Reply
  • Roz Warren September 12, 2011 at 8:50 am

    Joan I LOVE Sondheim’s Company and that’s one of my favorite songs!

    Reply
  • Joan Helfman September 11, 2011 at 8:03 pm

    Reminds me of one of my favorite Sondheim songs about the upside of marriage.

    It’s the little things you share together,
    Swear together,
    Wear together
    That make perfect relationships.
    The concerts you enjoy together,
    Neighbors you annoy together,
    Children you destroy together
    That keep marriage intact.

    Reply
  • klaper September 11, 2011 at 2:18 pm

    Interesting. So, in all our interactions, annoyance is a possibility. But from which direction does it come? Is everything we do a potential source of annoyance, or is everything we experience someone else doing potentially annoying to us? This is clearly a case of Annoyer vs Annoyee, and a philosophical argument could be made from either side.

    Ultimately — no problem, eat yr half bananas w/your wet hair and use the door for the widows and cripples all you like — just do lighten up…

    Reply
  • wendy morgan September 10, 2011 at 11:10 pm

    cute & funny article and i agree w/ the half-eaten banana habit (which my mom does when she visits w/ us)

    Reply
  • Amy M-W September 10, 2011 at 3:36 pm

    I will be more careful with you and Eileen from now on!

    Reply
  • Amy September 10, 2011 at 2:53 pm

    ahhhh yes, we are all annoying to somebody! I personally hate the “no problem” after “thank you” even though I occasionally catch myself doing it and then scowl at myself. The correct and polite response is “your welcome”. No problem suggests that whatever I did for you could have been more problematic.
    Anyhoo–fun thoughts!

    Reply
  • Roz Warren September 10, 2011 at 10:36 am

    Kate I always love your comments. I look forward to reading them. But you have given me an idea for another essay — things we do and say that we believe annoy others that those others actually find delightful.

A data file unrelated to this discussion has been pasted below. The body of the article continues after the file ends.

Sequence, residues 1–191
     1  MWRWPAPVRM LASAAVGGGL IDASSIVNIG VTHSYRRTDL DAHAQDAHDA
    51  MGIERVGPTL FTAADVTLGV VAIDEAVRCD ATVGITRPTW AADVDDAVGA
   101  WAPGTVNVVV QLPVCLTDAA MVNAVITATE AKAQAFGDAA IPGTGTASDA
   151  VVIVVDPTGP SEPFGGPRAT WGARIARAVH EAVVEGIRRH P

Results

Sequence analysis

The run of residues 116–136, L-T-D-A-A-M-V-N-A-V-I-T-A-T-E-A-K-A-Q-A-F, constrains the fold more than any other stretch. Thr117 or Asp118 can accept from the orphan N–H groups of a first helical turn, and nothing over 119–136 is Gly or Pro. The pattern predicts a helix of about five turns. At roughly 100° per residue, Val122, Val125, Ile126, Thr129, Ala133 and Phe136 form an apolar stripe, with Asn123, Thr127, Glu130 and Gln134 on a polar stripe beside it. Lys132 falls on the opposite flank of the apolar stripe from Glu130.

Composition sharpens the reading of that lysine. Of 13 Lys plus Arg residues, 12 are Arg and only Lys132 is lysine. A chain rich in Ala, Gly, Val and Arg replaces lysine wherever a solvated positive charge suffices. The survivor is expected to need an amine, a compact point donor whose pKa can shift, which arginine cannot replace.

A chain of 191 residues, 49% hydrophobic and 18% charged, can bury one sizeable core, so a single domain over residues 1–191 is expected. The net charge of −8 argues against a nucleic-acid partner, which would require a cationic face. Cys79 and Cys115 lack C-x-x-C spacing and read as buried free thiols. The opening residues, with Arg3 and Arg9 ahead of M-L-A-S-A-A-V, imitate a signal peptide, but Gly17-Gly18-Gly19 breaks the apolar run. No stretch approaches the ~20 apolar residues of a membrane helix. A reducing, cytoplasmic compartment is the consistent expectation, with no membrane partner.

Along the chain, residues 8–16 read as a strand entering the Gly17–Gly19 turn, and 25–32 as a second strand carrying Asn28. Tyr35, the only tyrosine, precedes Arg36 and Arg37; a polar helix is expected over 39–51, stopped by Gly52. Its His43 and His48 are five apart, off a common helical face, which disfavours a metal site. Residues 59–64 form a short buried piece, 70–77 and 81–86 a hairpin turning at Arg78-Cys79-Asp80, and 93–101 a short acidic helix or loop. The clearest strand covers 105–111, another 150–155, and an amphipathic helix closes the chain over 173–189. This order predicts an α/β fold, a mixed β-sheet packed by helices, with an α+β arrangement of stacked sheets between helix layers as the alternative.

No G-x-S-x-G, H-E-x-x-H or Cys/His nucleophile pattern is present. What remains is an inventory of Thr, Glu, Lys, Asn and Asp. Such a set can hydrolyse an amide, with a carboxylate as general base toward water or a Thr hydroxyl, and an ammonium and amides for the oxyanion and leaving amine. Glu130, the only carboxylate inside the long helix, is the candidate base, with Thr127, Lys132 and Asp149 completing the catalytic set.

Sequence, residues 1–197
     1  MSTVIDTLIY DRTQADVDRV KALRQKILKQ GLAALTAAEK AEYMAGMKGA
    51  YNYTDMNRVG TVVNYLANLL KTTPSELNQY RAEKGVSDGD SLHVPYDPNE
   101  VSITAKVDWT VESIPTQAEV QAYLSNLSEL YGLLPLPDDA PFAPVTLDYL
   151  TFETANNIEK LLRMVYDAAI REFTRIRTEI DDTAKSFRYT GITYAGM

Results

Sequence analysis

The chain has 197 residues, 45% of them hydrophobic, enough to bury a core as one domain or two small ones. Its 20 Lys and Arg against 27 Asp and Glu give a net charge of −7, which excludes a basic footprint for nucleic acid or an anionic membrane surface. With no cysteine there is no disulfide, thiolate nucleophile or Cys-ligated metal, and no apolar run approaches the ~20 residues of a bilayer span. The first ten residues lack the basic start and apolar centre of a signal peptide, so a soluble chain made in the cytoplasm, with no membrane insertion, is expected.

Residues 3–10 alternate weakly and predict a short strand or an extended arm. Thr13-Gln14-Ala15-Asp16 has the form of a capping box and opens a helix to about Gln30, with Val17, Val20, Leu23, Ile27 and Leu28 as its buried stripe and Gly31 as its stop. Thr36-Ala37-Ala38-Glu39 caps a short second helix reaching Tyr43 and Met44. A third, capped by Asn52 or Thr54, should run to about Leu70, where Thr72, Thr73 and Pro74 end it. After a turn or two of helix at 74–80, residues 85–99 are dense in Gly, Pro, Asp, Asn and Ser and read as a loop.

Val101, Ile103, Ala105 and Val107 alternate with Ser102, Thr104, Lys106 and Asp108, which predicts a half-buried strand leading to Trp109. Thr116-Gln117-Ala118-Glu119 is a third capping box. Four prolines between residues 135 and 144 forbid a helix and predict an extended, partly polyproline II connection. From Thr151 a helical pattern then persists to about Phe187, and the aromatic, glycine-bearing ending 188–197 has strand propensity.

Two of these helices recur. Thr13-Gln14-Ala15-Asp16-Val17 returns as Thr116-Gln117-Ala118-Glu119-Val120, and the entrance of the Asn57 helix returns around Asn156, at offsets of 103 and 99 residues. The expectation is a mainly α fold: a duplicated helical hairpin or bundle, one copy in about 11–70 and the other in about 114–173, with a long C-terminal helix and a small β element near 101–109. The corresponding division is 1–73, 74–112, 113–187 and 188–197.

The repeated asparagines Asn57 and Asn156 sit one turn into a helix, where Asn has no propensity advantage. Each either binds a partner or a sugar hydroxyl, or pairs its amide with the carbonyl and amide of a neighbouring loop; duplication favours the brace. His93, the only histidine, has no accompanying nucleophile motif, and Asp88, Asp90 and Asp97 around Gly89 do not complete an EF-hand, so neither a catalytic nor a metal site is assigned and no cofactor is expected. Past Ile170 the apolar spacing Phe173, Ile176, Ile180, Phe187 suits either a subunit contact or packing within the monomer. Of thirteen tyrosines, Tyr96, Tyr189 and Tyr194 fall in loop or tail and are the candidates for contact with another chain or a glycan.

Reply
  • Roz Warren September 10, 2011 at 10:34 am

    Diane for many years it seemed as if my mere existence was profoundly annoying for my kid. Now that he’s grown up and happily married, he appears to like me again. Although I’m sure that there’s plenty of stuff I say and do (and write!) that bugs him.

    Reply
  • Eleanore Wells September 10, 2011 at 12:27 am

    Oh, how I love this! I can’t imagine that I do anything that annoys anyone…but let’s just pretend I did. I wonder what it’d be?

    Btw, that banana thing you do would drive me nuts.

    eleanore -The Spinsterlicious Life

    Reply
  • Diane Vacca September 9, 2011 at 4:33 pm

    As always, I enjoy reading your pieces, Roz. I agree with you about the wet hair and the veggies– what? is “vegetable” too difficult or grown-up a word for them?
    My husband, who’s a good cook, can’t stand when the people he’s cooked for don’t come to the table as soon as the food’s ready. It used to bother us when waitpersons address us as “you guys.” It happens so often that I don’t even think about it any more.
    I wonder what I do or say. My kids would probably have a lot to say about that.

    Reply
  • Kate September 9, 2011 at 2:19 pm

    Ok – hair dryer use? Following the presidential term limit, no more than 8 times in one life: for limp, straight hair that’s a waste of electricity, just like the automatic door opener. Also discovered when children tiny that hair dryer noise is torture for toddlers. I wanted disposable cameras to be outlawed, along with human settlement in Las Vegas. But I illogically like and use wrapping paper and drive car to school bus stop. And I have always noticed with twinge of dismay when I say “no problem” but still do it.
    I love these essays, I think these essays are great but no doubt my biggest annoying habit is writing comments in response to same. “Oh no”, I hear you thinking, “not her again”…

    Reply
  • Maria September 9, 2011 at 1:34 pm

    I think I’m Sara in the story; I, too, think it wastes electricity and can’t understand why an able-bodied person would prefer the buttons over the opportunity to exercise arm muscles. My biggest pet peeve is the cell phone use by people who think they’re in their living rooms, or who believe everyone is interested in their loud, very boring conversations. Maybe if they said something clever…

    Reply